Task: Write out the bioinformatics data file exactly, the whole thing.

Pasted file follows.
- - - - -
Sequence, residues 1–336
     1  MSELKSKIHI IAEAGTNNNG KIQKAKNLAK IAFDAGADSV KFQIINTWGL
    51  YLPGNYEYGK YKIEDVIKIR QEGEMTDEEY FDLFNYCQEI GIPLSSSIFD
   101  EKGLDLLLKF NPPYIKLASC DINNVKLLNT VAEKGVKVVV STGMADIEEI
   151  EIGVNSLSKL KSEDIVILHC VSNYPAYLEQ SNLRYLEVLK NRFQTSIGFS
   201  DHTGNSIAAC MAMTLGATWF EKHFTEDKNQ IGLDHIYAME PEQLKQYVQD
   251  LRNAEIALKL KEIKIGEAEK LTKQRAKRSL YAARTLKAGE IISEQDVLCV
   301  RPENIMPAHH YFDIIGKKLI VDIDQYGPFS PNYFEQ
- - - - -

Sequence, residues 1–336
     1  MSELKSKIHI IAEAGTNNNG KIQKAKNLAK IAFDAGADSV KFQIINTWGL
    51  YLPGNYEYGK YKIEDVIKIR QEGEMTDEEY FDLFNYCQEI GIPLSSSIFD
   101  EKGLDLLLKF NPPYIKLASC DINNVKLLNT VAEKGVKVVV STGMADIEEI
   151  EIGVNSLSKL KSEDIVILHC VSNYPAYLEQ SNLRYLEVLK NRFQTSIGFS
   201  DHTGNSIAAC MAMTLGATWF EKHFTEDKNQ IGLDHIYAME PEQLKQYVQD
   251  LRNAEIALKL KEIKIGEAEK LTKQRAKRSL YAARTLKAGE IISEQDVLCV
   301  RPENIMPAHH YFDIIGKKLI VDIDQYGPFS PNYFEQ